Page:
Long-Haired Woman Sues Walmart Over Shampoo-Related 'Suffering'

By Brett Snider, Esq. on April 18, 2014 | Last updated on March 21, 2019

A long-haired woman is suing Walmart after a shampoo purchase allegedly forced her to cut several feet of her hair.

Jennifer Fahey, 30, of Portland, Oregon, alleges that she bought a bottle of Equate Everyday Clean Dandruff Shampoo at Walmart and was dismayed to find that the product made her long-grown locks "irreparably tangled." Fahey is suing Walmart and the shampoo's manufacturer for the suffering caused by her de-coifing.

Can Fahey's hair-related suffering make Walmart pay out?

Hair (The Non-Musical Lawsuit)

Fahey claims that the Vi-Jon product -- sold under Walmart's house brand Equate as a competitor to Head & Shoulders -- immediately knotted her hair to the point of no return. Her attorney William Ball claims that the formerly long-haired lass had to shear off all but 4 inches of her hair, which used to reach to the small of her back, The Oregonian reports.

The closer-cropped Fahey is now seeking $10,000 in damages from the shampoo incident for:

  • Pain and suffering,
  • Costs to replace hair,
  • Diminished and lost wages, and
  • Loss of "life's pleasures and activities."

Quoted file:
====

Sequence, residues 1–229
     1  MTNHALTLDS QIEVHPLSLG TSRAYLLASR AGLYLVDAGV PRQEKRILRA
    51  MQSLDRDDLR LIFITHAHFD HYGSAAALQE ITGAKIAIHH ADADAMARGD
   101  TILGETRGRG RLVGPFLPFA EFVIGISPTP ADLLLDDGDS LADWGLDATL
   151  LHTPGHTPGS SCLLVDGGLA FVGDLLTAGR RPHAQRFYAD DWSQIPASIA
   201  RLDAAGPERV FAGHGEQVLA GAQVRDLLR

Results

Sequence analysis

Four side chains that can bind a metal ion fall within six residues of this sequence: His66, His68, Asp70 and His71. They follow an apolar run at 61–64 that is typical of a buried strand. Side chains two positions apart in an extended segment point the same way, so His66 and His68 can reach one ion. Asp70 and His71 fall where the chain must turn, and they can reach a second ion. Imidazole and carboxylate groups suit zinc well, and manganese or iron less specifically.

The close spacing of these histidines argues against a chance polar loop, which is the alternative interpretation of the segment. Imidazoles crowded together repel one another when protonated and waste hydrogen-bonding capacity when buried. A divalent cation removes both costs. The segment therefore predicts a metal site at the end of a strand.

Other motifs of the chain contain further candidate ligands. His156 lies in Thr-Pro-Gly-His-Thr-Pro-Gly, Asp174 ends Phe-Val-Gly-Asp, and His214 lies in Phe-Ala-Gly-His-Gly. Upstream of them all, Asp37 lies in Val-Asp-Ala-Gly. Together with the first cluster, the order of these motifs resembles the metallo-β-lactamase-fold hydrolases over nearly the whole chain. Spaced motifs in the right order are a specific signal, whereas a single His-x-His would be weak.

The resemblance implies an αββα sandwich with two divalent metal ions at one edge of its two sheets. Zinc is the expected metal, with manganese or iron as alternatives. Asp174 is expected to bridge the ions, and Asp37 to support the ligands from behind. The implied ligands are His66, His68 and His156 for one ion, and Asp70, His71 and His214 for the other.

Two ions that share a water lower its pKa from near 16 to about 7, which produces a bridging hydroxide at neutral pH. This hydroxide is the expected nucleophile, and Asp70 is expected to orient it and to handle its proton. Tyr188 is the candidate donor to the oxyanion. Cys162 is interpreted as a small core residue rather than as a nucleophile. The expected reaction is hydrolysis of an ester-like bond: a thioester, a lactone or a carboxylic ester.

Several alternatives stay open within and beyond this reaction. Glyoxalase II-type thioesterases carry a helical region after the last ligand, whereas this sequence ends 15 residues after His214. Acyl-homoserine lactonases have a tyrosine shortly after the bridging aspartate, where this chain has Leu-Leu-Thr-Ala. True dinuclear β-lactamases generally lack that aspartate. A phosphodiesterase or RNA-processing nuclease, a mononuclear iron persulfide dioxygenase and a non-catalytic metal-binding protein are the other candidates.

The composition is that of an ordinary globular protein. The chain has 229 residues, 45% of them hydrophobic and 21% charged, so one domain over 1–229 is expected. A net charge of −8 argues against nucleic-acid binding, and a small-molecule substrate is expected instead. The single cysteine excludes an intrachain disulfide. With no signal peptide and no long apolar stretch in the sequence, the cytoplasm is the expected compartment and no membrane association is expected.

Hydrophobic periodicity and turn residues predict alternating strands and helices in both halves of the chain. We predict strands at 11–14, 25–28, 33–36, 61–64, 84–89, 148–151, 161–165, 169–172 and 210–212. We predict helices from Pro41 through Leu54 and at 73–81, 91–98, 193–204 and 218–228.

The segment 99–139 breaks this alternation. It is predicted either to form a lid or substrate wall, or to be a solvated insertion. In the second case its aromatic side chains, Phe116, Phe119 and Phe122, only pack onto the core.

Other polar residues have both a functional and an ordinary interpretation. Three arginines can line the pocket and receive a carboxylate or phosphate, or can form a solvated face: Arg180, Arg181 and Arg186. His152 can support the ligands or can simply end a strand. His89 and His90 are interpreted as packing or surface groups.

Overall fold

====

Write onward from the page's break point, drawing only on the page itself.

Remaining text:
Pain and suffering damages are easier to plead in cases involving debilitating (not depilatory) injuries which are more than just minor annoyances. While Fahey may have been growing her hair out since childhood, the emotional pain of its loss may not rise to the amount that she is seeking. This type of claim is very similar to the "life's pleasures" claim, which asserts a loss of day-to-day enjoyment in life.

It's also unclear how Fahey suffered "lost or diminished wages" from a short haircut. Unless Fahey can justify how her mane brought in the moolah (or how its loss dried it up), this seems like a tough legal nut to crack.

Hell Hath No Fury Like Woman Shorn

Perhaps a jury will be better able to judge Fahey's true loss stemming from her long hair's departure. Meg Ryan seems happy with short hair, but Fahey "identifies with long hair," reports the Oregonian.

In Fahey's favor, she did obtain a haircut to mitigate the damage done to her hair. But it will be for a jury to decide if her suit is worth more than the price of her haircut.

Until this issue is settled, the Walmart shampoo aisle may be slightly less crowded.

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